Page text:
York Lions soccer player Francesco Bruno thought his magical year of winning special awards was over, wrote the Toronto Star April 8. But now he’s one of four Canadian university athletes in the running for a $10,000 grant.
The 24-year-old midfielder was a huge factor in the Lions claiming a national championship and he was later chosen player of the year in the country. Bruno was also recognized as the Ontario University Athletics most valuable player, first-team all-star and male athlete of the year at York. However, Bruno said yesterday, it was the phone call he received a few days ago that takes top spot.
A graduate of Toronto’s Dante Alighieri Academy, Bruno is on the short list for the financial award put up by law firm BLG (Borden Ladner Gervais LLP) recognizing the top university male athlete in Canada.
Winners will be announced at a gala April 27 in Toronto. It had been held for the past 16 years in Calgary.
“This one is the best yet,” said Bruno, who was on Canada’s under-20 team that competed in the world championship in the United Arab Emirates six years ago, losing out in the quarter-finals. “It’s not the money but the honour of being among the top athletes in Canada. I know I had to beat out some great Ontario athletes to get to this level.”
The award, as explained by national co-chair of BLG, Doug Mitchell, recognizes the highest level of athleticism, leadership and sportsmanship. It does not include academic excellence. Mitchell confirmed that no awards are given to Canadian athletes competing for US schools as the objective is to keep premier athletes at Canadian Interuniversity Sport schools.
- The nominees for Canadian Interuniversity Sport’s top awards were announced yesterday and two of the eight finalists are from Toronto, wrote The Toronto Sun April 8.
Four males and four females, from each of the four regional CIS associations, were nominated for the BLG Award, founded by national business law firm Borden Ladner Gervais LLP and the CIS.
York Lions soccer midfielder Francesco Bruno and St. Francis Xavier University rugby standout Ghislaine Landry are the Torontonians up for the honour.
All of the athletes praised their schools for allowing them to devote extensive time to their athletic pursuits.
Bruno, the CIS men’s soccer MVP, talked up York, often maligned for its athletics, but a national champion on the pitch for the first time since 1977. “The nomination represents the hard work of not just myself but coaches (and) trainers that have been with me throughout the season,” Bruno said. “I’m very proud to represent York University.”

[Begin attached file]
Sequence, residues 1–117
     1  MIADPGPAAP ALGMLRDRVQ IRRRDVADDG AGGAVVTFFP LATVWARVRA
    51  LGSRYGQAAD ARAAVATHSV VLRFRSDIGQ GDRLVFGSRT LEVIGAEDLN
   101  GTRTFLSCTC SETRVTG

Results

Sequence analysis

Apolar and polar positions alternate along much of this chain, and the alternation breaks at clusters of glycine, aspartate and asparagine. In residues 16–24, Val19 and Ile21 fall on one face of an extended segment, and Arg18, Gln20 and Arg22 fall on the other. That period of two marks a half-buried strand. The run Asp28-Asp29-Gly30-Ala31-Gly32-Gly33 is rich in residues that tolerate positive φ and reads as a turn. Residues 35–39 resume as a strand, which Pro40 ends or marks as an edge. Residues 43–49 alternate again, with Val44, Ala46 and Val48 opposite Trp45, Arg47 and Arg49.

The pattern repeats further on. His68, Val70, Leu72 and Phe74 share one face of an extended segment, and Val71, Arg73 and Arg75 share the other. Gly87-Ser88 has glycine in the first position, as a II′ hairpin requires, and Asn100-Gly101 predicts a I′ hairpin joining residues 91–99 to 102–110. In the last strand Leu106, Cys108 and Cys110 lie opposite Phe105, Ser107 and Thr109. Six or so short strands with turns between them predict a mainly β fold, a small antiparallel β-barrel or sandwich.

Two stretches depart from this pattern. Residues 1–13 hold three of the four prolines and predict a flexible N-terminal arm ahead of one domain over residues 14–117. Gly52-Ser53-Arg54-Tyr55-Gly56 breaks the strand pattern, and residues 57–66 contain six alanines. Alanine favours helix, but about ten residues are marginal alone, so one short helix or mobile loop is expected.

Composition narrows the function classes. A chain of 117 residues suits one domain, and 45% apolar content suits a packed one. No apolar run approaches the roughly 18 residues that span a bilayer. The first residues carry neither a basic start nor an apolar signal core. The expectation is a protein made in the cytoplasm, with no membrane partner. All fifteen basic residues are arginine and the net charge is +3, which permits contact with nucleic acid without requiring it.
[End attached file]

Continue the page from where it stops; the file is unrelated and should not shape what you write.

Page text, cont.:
The male and female winner each will receive a $10,000 scholarship to a Canadian graduate school of their choice, plus a trophy.
Increase in eating out could signal recovery, says Middleton
As Canadians hunker down and wait out the recession, economists are already sifting through the avalanche of bad news for early glimmers of hope, wrote the Toronto Star April 8. Some are looking for signs of life in the US housing market, where the roots of the global crisis lie, or in recent stock market rallies, which are often thought to foreshadow economic recovery. But other observers are keeping an eye on less obvious places.
Alan Middleton, a marketing professor at the Schulich School of Business at York University, said sales of cookbooks and cooking equipment have been rising as the economy shrinks. He said a trend toward eating out could be an early sign people are becoming more confident.
Lost works of Ben Wicks to be archived at York University
A collection of nearly 2,500 works by Canadian political cartoonist Ben Wicks will be preserved at York University, wrote the North York Mirror April 7. “This gift is wonderfully generous,” says York Chancellor Roy McMurtry. “Ben Wicks was a close friend and both his talent and commitment to public service are legendary.”
Truscott lawyer shares lessons
Many of the key players in Steven Truscott’s final bid for exoneration will gather next month to talk about lessons to be learned from the landmark case, wrote the Waterloo Region Record April 8. A two-part review of the case will be one component of a daylong symposium in avoiding wrongful convictions sponsored by the professional development arm of York’s Osgoode Hall Law School.
Mary Park, a program lawyer with Osgoode Professional Development, organized the first symposium on avoiding wrongful convictions in 2005 “so we can dig into how things went wrong so we can avoid having things like that happen in the future. We have to learn from the past so we don’t keep making the same mistakes,” Park said in an interview this week.
This year’s symposium, to be held May 9, will focus on expert forensic evidence in criminal proceedings.